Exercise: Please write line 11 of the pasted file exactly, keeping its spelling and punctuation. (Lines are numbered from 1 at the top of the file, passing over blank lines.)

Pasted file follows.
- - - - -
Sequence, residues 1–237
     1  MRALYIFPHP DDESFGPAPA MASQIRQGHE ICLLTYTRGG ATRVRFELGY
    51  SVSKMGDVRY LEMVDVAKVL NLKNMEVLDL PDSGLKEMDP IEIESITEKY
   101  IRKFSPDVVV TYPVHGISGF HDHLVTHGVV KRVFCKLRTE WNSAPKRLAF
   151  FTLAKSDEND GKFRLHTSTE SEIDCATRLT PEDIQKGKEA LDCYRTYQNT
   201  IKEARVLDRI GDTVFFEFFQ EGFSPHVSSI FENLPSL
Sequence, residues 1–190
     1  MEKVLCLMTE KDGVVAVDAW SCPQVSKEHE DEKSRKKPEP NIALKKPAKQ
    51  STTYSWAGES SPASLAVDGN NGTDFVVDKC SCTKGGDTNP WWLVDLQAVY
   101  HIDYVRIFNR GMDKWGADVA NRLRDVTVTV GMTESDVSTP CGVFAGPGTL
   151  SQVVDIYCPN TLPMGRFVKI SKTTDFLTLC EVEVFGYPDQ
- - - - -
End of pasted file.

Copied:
   151  SQVVDIYCPN TLPMGRFVKI SKTTDFLTLC EVEVFGYPDQ